...are are the fastest-growing population of people with epilepsy. Three percent of Americans will develop epilepsy by the age of 75.
If you are a senior citizen, you can probably remember a time when there were no reliable treatments for epilepsy. People did not understand why seizures happened and they were afraid of them. You may remember, as a child, that families often sent people with seizures off to institutions, or kept them at home, isolated from others. And you may have heard it whispered (incorrectly) that epilepsy is a form of mental illness.
Things have changed. Today we have a greater understanding of seizures and more options for treating them. We know that epilepsy is not a form or mental illness and that most people with seizures can continue to live productive, independent lives.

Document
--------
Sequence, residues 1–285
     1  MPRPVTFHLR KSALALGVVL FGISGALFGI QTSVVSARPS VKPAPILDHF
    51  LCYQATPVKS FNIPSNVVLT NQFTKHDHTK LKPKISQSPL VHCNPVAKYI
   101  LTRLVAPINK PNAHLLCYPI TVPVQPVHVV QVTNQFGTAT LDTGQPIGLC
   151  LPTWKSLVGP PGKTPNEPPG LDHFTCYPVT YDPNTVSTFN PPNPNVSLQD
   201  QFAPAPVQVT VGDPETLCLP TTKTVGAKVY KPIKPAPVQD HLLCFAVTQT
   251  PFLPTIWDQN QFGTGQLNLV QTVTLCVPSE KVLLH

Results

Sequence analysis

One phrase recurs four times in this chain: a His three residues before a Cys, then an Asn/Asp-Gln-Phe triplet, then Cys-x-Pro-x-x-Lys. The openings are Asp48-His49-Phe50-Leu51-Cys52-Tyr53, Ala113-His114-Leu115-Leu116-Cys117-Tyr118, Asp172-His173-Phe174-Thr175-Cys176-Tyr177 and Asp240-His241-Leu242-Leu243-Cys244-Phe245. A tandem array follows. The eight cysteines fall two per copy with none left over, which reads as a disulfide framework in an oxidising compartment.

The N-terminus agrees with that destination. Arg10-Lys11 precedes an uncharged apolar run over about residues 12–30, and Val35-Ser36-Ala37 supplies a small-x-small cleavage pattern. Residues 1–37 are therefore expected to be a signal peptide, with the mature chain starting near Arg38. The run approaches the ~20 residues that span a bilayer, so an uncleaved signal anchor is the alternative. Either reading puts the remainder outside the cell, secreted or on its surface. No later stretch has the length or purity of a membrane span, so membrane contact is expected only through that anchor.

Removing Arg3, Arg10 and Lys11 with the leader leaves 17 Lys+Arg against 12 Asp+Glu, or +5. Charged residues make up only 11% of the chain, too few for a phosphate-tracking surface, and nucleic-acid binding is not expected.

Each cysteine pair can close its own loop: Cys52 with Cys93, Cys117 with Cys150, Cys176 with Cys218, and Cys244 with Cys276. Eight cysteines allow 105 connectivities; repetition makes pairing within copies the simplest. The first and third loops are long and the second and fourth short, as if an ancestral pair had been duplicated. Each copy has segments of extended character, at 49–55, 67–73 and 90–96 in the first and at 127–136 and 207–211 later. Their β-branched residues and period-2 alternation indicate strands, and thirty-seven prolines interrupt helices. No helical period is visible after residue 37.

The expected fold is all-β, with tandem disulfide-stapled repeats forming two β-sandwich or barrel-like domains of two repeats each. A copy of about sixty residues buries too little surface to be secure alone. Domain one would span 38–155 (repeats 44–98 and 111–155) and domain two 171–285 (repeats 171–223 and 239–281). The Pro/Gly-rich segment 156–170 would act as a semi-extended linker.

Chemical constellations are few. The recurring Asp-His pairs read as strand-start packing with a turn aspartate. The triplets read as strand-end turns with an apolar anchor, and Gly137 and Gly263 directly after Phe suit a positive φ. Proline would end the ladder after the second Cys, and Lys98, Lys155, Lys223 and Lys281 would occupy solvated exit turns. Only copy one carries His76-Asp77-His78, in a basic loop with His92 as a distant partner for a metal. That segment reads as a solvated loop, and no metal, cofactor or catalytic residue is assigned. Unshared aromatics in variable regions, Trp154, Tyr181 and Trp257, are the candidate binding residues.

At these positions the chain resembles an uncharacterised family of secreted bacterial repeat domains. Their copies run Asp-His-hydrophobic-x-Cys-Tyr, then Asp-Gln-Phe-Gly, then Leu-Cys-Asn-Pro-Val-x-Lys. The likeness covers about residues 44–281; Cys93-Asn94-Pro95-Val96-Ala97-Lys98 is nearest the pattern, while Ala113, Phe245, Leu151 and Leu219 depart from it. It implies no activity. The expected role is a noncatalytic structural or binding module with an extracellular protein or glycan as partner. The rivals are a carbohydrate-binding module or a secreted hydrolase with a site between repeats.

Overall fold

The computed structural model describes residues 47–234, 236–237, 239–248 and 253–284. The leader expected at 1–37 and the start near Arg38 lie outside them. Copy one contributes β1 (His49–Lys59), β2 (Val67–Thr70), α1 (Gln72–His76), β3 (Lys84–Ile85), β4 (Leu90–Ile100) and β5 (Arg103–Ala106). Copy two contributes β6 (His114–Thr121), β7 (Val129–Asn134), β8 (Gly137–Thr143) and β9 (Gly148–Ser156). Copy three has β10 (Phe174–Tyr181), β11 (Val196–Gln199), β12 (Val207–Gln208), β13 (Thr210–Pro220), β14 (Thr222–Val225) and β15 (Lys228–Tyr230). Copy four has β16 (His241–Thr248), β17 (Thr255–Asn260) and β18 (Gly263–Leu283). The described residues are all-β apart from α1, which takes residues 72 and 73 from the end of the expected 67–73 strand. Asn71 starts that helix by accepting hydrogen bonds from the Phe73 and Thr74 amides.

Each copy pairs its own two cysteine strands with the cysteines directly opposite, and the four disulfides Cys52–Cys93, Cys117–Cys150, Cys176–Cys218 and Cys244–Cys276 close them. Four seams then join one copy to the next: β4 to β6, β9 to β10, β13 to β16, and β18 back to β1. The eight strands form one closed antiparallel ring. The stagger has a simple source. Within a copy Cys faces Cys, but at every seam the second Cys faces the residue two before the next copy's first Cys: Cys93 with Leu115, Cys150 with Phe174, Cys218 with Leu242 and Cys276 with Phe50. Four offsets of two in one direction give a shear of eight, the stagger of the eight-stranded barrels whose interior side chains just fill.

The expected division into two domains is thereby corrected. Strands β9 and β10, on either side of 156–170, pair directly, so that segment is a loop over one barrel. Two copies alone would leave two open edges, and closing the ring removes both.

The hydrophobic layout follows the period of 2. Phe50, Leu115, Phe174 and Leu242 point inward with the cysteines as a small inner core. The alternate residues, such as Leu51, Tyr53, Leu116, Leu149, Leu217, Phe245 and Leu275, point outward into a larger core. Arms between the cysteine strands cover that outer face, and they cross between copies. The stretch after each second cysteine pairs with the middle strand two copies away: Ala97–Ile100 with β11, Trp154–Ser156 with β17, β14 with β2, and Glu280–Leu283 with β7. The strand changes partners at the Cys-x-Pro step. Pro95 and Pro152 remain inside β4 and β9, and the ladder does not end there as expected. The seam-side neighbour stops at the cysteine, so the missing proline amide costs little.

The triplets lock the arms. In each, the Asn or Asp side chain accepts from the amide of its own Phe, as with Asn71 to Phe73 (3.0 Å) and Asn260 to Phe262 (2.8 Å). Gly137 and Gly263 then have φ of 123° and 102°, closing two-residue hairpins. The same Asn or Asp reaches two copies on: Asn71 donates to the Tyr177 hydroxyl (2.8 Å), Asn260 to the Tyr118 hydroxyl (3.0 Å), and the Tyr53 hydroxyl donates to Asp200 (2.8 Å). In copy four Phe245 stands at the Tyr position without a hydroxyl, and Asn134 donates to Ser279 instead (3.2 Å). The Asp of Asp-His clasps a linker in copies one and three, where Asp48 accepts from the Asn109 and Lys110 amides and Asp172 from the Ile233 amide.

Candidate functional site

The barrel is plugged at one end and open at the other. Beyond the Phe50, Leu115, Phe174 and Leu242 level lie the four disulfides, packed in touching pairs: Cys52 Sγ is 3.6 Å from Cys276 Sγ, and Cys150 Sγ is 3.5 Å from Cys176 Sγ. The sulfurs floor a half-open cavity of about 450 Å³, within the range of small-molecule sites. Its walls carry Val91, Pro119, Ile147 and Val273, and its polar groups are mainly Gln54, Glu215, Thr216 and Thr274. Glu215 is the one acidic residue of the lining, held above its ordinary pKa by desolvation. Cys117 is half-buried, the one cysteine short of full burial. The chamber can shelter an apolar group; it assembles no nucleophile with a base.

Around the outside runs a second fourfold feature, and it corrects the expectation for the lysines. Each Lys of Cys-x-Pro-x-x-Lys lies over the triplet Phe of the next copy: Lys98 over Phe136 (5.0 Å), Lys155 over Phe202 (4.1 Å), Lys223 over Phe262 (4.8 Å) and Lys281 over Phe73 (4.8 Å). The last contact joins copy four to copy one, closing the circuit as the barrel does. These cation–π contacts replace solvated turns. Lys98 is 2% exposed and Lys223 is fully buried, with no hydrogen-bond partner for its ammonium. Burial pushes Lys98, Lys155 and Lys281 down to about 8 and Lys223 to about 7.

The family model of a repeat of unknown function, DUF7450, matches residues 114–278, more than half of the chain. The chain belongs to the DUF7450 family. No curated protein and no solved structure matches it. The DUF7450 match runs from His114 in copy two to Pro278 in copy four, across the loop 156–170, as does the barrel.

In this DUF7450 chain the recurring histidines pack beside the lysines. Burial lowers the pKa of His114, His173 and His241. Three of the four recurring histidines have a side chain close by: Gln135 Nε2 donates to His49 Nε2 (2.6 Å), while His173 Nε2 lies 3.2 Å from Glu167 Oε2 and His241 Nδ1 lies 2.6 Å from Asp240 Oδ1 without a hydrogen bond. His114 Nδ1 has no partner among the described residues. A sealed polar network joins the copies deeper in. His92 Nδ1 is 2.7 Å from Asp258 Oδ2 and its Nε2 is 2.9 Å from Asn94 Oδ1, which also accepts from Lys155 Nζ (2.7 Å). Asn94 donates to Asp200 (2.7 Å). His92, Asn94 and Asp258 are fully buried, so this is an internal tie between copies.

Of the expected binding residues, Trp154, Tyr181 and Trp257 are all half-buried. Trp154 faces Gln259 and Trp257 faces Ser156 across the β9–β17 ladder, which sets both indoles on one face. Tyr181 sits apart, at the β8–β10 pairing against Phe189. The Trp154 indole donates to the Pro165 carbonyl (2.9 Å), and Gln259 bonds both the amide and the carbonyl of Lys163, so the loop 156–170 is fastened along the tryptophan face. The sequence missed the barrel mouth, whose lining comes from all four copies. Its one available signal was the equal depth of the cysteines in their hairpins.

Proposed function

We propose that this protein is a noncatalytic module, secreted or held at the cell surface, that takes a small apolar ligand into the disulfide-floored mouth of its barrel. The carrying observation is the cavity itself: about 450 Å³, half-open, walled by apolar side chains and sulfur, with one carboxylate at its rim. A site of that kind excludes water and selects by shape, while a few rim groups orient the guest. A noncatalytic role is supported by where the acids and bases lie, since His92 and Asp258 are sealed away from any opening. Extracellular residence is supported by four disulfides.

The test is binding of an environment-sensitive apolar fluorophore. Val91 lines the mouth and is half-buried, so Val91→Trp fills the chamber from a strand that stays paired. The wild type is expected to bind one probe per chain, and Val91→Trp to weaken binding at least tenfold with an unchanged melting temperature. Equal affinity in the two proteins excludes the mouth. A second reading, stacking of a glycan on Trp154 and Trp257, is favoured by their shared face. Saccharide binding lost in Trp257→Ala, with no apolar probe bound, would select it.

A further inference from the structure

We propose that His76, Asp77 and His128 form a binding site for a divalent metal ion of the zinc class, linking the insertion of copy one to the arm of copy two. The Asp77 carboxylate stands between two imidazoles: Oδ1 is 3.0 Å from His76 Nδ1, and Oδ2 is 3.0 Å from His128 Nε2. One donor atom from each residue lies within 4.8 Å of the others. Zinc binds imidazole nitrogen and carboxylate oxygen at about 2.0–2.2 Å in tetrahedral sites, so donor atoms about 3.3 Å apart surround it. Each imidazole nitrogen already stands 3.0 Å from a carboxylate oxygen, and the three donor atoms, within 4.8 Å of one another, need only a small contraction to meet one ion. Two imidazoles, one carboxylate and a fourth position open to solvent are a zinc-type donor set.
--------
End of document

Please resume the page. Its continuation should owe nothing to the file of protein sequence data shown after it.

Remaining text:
Epilepsy in seniors may be caused by many conditions that affect the brain, such as:
- Head injuries from falls
- Chronic alcoholism
- Heart disease
- Previous brain surgery
- Infections affecting the brain
- High blood pressure
- Brain tumors
Treatment of epilepsy in seniors may be complicated by interactions between anti-epileptic drugs and other medications and by other health conditions. As with all age groups, medication is the most common treatment.
Visit the Epilepsy and Seniors Forum.